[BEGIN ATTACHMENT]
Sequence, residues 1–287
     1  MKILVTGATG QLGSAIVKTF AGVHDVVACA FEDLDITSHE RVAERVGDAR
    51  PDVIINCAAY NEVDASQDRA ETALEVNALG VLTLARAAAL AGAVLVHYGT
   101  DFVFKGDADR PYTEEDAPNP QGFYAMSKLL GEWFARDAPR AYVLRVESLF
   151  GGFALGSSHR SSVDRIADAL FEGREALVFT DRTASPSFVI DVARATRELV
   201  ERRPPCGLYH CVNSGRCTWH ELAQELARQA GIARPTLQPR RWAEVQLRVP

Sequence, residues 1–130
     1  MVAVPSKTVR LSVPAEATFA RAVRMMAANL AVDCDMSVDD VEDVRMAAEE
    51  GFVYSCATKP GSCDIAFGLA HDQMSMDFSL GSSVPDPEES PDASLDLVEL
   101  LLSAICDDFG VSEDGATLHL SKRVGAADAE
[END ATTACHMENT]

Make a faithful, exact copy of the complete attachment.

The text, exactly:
Sequence, residues 1–287
     1  MKILVTGATG QLGSAIVKTF AGVHDVVACA FEDLDITSHE RVAERVGDAR
    51  PDVIINCAAY NEVDASQDRA ETALEVNALG VLTLARAAAL AGAVLVHYGT
   101  DFVFKGDADR PYTEEDAPNP QGFYAMSKLL GEWFARDAPR AYVLRVESLF
   151  GGFALGSSHR SSVDRIADAL FEGREALVFT DRTASPSFVI DVARATRELV
   201  ERRPPCGLYH CVNSGRCTWH ELAQELARQA GIARPTLQPR RWAEVQLRVP

Sequence, residues 1–130
     1  MVAVPSKTVR LSVPAEATFA RAVRMMAANL AVDCDMSVDD VEDVRMAAEE
    51  GFVYSCATKP GSCDIAFGLA HDQMSMDFSL GSSVPDPEES PDASLDLVEL
   101  LLSAICDDFG VSEDGATLHL SKRVGAADAE